There’s a verb stem that seems, strangely, to be on everyone’s lips. It’s strange because the stem has, up until recently, only been used in religious or political contexts – but now it’s used to talk about a particularly virulent form of intergenerational transactional sex.

Here’s a riddle for you – how are State Capture, Blessers, the new Public Protector and JZ’s nephew connected?

The answer is a verb-stem in Nguni languages. This stem is BUS-a, and it has four different meanings:

  1. to rule over someone or somewhere; to govern; to reign
  2. to enjoy life; to live in freedom and comfort
  3. to show off; to exhibit one’s superiority or power
  4. {with the reflexive infix} to be independent or comfortable; to show off.

At this stage, unless you speak an Nguni language, you probably haven’t yet made the connection. So far, this verb stem seems to describe a specific way of ruling – living off the fat of the land, strutting your stuff and basically letting everyone know that you are the boss, and nobody else. Basically, we’re talking about feudalism and monarchy, with some added hubris. Perhaps it reminds you of someone?

There are four nouns (and one very big name) associated with this stem. This is where the full extent of isiZulu’s plasticity of meaning becomes apparent:

  1. umbusi: a ruler or governor
  2. umbuso: a dominion or kingdom or rule; one’s sway, rule, government or way of ruling; enjoyment of life, fine times; manner of enjoying one’s life; customary pleasure.
  3. umbuswa: one subject to another’s will or command; a subservient person; a vassal or subject.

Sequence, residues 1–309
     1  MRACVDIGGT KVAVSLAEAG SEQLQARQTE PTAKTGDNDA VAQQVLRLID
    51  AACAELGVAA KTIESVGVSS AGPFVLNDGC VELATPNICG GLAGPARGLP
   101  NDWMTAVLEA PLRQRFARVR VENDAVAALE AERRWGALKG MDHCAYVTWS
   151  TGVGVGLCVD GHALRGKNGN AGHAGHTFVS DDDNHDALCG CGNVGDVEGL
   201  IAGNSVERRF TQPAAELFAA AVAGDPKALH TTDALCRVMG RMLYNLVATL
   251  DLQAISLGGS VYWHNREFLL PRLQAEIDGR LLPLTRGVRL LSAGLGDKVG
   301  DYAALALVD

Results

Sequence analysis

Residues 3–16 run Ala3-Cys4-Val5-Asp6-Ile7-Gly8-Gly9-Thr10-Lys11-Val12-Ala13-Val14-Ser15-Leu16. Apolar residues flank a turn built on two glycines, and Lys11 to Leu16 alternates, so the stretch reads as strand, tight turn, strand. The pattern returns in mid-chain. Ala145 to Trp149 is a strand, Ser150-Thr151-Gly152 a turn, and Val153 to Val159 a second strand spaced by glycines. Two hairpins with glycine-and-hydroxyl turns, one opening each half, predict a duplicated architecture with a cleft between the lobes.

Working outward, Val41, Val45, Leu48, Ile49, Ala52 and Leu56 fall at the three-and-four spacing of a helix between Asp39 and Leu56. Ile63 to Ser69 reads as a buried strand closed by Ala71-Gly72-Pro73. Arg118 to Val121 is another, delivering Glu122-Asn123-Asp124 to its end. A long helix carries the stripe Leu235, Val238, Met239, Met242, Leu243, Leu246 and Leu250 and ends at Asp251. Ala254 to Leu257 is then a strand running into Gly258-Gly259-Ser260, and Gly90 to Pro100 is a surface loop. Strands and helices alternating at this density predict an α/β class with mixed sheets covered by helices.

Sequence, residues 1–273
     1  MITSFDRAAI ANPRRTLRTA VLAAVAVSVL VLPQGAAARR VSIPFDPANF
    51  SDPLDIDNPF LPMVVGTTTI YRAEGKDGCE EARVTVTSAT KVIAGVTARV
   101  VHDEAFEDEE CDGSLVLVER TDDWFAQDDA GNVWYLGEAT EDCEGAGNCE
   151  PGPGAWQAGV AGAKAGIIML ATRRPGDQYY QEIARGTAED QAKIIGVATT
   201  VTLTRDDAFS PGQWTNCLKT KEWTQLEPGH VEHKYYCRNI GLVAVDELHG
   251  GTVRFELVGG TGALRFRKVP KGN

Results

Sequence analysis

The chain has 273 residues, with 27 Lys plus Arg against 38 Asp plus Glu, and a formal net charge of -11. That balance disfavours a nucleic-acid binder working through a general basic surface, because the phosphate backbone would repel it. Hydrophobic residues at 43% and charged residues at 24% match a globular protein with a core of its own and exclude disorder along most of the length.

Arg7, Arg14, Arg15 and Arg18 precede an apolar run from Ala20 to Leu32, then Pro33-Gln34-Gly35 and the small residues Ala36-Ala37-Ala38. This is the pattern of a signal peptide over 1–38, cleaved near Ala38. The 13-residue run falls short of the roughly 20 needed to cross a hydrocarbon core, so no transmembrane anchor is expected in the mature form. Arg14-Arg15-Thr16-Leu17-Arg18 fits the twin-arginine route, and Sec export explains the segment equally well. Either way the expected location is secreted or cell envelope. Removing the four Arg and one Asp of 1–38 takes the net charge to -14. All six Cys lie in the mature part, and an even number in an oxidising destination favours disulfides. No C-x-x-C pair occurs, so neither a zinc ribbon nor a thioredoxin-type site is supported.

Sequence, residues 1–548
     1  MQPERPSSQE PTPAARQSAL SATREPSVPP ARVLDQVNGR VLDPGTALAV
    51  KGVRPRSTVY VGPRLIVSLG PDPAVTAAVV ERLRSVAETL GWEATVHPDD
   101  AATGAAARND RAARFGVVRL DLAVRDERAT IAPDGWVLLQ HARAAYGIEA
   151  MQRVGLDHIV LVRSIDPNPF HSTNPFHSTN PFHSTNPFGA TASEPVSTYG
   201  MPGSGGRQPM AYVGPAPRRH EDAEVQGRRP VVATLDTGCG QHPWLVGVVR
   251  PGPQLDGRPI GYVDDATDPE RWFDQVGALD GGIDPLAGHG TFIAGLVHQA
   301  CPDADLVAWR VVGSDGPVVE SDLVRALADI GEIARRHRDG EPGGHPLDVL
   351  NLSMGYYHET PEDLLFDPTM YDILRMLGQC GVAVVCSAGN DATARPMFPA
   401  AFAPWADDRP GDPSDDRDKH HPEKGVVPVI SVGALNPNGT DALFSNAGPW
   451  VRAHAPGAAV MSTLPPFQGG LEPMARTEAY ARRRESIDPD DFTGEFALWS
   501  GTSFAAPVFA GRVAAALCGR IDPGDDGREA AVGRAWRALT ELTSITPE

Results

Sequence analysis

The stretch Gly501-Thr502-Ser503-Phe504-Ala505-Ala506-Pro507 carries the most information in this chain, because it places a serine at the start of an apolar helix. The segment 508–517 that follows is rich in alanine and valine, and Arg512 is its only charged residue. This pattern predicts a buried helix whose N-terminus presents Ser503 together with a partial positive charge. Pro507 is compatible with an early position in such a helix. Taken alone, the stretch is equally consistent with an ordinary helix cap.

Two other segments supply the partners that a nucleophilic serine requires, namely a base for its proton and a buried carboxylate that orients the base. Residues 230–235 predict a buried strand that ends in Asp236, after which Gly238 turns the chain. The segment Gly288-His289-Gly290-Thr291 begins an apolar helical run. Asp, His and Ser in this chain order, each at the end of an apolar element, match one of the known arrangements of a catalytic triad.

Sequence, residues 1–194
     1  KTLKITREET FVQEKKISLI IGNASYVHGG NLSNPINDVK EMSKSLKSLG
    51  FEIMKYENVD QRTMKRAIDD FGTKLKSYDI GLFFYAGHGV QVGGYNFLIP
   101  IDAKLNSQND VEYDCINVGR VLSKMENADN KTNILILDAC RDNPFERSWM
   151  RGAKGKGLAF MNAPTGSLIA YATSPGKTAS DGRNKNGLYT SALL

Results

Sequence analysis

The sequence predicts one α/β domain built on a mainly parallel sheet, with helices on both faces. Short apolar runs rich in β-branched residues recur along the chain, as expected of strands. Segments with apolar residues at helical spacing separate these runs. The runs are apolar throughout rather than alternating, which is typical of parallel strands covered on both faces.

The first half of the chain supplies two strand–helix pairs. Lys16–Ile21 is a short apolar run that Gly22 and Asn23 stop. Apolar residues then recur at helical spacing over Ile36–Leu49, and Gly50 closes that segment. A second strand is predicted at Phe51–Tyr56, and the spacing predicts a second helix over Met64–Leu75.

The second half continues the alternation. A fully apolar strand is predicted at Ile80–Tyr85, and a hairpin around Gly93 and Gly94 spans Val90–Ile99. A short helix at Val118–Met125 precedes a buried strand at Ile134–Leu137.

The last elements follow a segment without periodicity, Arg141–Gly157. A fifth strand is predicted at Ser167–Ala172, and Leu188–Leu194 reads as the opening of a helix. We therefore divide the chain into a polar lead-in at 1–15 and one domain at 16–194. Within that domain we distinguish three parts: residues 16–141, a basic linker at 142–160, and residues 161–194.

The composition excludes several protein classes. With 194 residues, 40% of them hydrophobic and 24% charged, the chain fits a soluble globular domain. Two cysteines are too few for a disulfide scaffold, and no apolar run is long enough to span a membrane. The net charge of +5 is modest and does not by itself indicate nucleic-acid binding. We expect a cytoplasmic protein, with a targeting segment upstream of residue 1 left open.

4. i(li)buso: a hlonipha term for inkunzi (a bull).

So ruling, and the kingdom itself, are linked to the way that those who rule actually live – ‘the fine times’ that one can only experience when one has vassals, waiting on you hand and foot. A modern version of umbuso is ‘the state’, whenever it is the legal or political entity – see the recent post on ‘state capture’.

What is problematic about using this word to mean ‘the state’ is that it implies a way of life based on exploitation, hierarchy and cronyism – so pretty much what we have in South Africa.

And the name? Well, like I said, it’s a big one: Khulubuse. What it means is “grow big that you may busa”, which I think he has taken very literally.

Now, as you hopefully know from elsewhere in the language, the meaning of a verb can be extended (or distorted, perverted, altered) through judicious addition of a suffix or two. And so even if you’ve worked out the (linguistic) connection between State Capture and Khulubuse, the other two might be elusive until now.

All you need do is add -ISA to the stem, and suddenly you have this:

BUS-IS-a

  1. to bless
  2. to cause to live a life of comfort
  3. to cause someone to rule

The first thing to glean from this is how Blessers got their name – they are the ones who cause you to live a good, comfortable life. The level of comfort they provide determines the level of Blesser they are (see social media for memes and other expressions of this).

The second is that there are three nouns derived from this stem, and two names:

  1. isibusiso: a blessing, a benediction
  2.  u(lu)busiso: blessing, benediction
  3.  umbusisi: a person who blesses or who causes someone to lead a good and comfortable life.
  4.  uSibusiso (uS’bu): Blessing (as a name)
  5.  uBusisiwe (uBusi): the one who has been blessed (as a name)

So, finally, we can see how many things come back to the same isiqu – the capturing of umbuso, the-ones-who-cause-busa, Advocate She-who-has-been-caused-to-busa, and Mr Grow-big-that-you-may-busa.

All I can say is “bless”.